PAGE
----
basement waterproofing

The best way to waterproof your basement

Basements are an increasingly popular approach to extending the habitable space in a property; however, as they are below ground level, it is always important to pay attention to waterproofing. How much of a problem this is will depend on factors such as the area in which the property is located, the type of soil, and the level of the water table. 

A number of factors can lead to water ingress into a basement. If the ground around the property is saturated – such as after heavy rain – water may seep in. Blocked drains or gutters around the outside of the property can also lead to water running down and finding its way into the basement; therefore, it is always important to ensure the outside of the building is kept in good repair.


The traditional approach to waterproofing a basement is to seal it to keep moisture out. This process, which is sometimes known as tanking, involves sealing the walls with a waterproof membrane and any entry points for pipes and other services with an epoxy resin or urethane sealant.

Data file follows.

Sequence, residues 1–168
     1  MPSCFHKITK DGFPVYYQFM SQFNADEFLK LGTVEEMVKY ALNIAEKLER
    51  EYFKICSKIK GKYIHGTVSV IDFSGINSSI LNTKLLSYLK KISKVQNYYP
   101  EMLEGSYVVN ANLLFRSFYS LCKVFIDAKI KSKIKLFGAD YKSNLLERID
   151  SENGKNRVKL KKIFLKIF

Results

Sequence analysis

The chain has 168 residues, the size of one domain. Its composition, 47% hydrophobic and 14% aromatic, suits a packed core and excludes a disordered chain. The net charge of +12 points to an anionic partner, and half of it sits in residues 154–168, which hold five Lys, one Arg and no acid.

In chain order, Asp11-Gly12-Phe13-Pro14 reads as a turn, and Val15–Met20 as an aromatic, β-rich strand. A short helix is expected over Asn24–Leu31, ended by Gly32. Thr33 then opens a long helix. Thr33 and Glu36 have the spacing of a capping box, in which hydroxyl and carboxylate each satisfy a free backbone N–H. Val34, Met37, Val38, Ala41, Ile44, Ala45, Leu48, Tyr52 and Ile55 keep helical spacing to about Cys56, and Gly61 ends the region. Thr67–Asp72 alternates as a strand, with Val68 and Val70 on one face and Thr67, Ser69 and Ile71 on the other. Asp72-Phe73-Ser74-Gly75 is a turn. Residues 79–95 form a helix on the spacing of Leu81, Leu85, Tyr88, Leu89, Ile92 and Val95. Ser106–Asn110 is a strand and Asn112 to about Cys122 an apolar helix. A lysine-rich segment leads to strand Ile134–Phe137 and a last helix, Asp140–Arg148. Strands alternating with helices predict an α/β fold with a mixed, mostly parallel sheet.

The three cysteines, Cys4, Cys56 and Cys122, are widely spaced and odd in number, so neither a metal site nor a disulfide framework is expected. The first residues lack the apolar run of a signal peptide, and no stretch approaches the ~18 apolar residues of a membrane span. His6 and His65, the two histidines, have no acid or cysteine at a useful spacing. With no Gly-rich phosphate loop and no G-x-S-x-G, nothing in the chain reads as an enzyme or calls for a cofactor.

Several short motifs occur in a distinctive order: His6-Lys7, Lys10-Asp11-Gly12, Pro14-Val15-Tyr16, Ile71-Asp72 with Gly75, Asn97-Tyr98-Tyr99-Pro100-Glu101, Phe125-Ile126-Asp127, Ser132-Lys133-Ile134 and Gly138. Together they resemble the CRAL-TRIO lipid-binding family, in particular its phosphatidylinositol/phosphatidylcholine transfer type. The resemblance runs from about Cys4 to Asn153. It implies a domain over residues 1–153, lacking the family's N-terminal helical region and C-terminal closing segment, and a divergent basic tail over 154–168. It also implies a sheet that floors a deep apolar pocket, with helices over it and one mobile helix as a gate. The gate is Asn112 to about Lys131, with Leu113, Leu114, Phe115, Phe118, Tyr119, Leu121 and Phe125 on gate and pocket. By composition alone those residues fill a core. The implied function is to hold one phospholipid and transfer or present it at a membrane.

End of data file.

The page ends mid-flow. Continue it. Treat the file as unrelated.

This process can be expensive, especially with an existing basement, as it may be necessary to dig down alongside the walls to apply the waterproofing treatment. This is because in areas in which the water table is high and there is a good deal of hydrostatic pressure, a purely interior seal may be insufficient to keep out moisture. The wall will therefore need to be waterproofed from both sides.


A newer approach to waterproofing basements is to allow the water in and then drain it away. This is not strictly waterproofing; however, it is an effective method of making a basement space habitable. It is also cheaper than sealing methods.

This method involves creating a channel around the inside walls of the basement at floor level. Water is allowed to seep through from the outside and run down into this channel, from where is diverted to a drain – either by gravity to a sump from where it is removed to the drainage system or by using an electric pump. This is all hidden behind an inner wall that can be decorated in the usual way while the drainage arrangements go on unseen behind.

It is important with this type of system that the design enables access to the pump for maintenance. Modern pumps are quiet in operation, so they are unobtrusive; in any case, they will only operate when water in the sump reaches a certain level.

If you are in any doubt as to what is required, it is always worth consulting an expert who can advise you on the most appropriate waterproofing types to use in your area.